Recap from Food Nations Global Food Talk “Creating resilient agri-food systems with circularity in mind”
In connection with World Food Summit and Circular City Week, Food Nation hosted a Global Food Talk on May 5 with opening remarks from HRH Crown Prince Frederik of Denmark. The Global Food Talk focused on circularity and climate action.
Food Nations patron HRH Crown Prince Frederik of Denmark opened the talk with motivating words about how a shift towards a circular approach is both necessary and inevitable and requires responsive, clever and creative thinking, all while protecting the food systems from external shocks: “Now, more than ever, we can benefit from the Danish tradition of finding innovative solutions that can adapt to a changing climate and bring us towards a more sustainable future”, he said.
He was followed by the Danish Minister for Food, Agriculture and Fisheries who highlighted, that we need green transformation to ensure a more stable and sustainable agricultural sector, not least due to the uncertainties that the Russian invasion of Ukraine has on the global food supply. The Minister said: “We want to use the green transformation of the agricultural sector to ensure a more stable and sustainable agricultural sector. Therefore, Denmark is pushing for a sustained focus on new and innovative green solutions.”
Produce, protect, reduce and restore
Key-note speaker Tim Searchinger, Senior Fellow and Technical Director of the Food Program at the World Resources Institute explained how we probably will need about 50% more food in the world by 2050. All this, without expanding agricultural land, and at the same time while reducing or even eliminating the net production emissions of agriculture. “If we tried to feed the world in 2050 with today’s farms, we would end up clearing an area of land equal to about four times the continent of the United States”, he said.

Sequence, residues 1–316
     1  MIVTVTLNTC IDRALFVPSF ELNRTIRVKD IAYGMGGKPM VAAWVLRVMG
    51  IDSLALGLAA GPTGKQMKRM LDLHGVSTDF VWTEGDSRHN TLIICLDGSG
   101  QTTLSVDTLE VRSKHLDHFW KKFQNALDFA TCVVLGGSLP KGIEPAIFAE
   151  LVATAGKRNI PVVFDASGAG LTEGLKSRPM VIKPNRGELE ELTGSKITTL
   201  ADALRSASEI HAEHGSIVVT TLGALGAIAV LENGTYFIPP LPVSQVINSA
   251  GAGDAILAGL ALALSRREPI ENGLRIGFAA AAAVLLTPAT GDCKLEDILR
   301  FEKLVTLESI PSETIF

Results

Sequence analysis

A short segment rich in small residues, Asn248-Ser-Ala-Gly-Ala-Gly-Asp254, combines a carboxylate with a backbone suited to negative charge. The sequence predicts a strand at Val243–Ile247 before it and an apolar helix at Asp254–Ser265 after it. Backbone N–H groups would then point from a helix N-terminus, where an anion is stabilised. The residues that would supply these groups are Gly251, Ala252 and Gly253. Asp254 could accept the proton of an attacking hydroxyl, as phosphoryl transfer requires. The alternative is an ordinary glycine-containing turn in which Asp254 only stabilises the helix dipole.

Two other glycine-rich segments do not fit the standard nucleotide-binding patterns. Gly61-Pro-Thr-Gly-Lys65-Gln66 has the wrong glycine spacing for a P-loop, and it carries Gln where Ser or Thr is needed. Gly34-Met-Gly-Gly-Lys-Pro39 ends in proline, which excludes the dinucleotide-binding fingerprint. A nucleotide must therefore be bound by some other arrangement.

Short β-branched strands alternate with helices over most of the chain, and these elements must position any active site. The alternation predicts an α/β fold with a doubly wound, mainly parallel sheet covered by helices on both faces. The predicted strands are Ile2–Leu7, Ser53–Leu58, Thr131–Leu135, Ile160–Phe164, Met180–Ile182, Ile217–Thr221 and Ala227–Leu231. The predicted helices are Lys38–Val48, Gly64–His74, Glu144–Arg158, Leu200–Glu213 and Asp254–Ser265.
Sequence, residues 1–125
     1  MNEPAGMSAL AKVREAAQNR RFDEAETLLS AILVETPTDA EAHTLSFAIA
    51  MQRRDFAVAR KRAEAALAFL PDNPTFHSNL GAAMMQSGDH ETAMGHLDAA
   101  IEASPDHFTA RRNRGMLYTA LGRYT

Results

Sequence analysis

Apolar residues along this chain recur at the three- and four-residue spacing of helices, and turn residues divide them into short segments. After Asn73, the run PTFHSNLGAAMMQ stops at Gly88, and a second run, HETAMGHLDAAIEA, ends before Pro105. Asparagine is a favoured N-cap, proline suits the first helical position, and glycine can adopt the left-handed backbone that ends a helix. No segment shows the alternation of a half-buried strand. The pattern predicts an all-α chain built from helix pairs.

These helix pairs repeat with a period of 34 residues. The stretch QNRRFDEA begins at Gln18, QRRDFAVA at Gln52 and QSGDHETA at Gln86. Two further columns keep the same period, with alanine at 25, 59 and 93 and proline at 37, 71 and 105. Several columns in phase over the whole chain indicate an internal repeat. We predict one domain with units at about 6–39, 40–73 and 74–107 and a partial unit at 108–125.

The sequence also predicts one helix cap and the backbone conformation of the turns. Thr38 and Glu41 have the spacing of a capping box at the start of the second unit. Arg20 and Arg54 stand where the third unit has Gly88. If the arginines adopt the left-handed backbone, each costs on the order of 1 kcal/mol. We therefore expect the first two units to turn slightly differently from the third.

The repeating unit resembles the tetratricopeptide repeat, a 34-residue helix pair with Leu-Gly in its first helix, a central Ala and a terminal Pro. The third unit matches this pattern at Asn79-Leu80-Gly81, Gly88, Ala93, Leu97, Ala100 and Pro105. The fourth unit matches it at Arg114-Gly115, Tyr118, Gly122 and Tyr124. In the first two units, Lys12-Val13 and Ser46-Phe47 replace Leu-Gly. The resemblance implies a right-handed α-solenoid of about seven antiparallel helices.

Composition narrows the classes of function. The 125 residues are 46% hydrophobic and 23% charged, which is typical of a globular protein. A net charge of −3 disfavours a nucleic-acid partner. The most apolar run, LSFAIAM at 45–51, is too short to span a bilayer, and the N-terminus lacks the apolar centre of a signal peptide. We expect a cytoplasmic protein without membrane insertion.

Our second keynote speaker, Andy Reisinger, Vice-Chair in Working Group III Intergovernmental Panel on Climate Change (IPCC) followed up by stating that international markets play an important role to enable the most efficient use of land resources: “International coordination is critical, not just for direct climate change policies, but also in upscaling of climate finance, technology transfer and capacity building”.
Changing the paradigm: Nothing is waste!
Lisbeth Henricksen, Director of Innovation, SEGES Innovation and Christine Nellemann, Director of Institute at National Food Institute, DTU, who participated in the first fireside session, emphasised that we need curiosity to strengthen innovation and initiate cross-sector collaboration, while keeping in mind that everybody across the food value chain must take responsibility. Furthermore, we need to change our mindset toward the fact that nothing is waste. Waste and side streams are basically new raw materials for new productions.
Creating new businesses with circularity in mind
Jesper Burgaard, CEO KMC and Carsten Lind Pedersen, CEO Enorm from the second fireside session agreed that it is good business to work on utilising all the resources available to you in your business and that strong research and development is key. The new products that you can make out of side streams, can actually help bring up another business than your main business.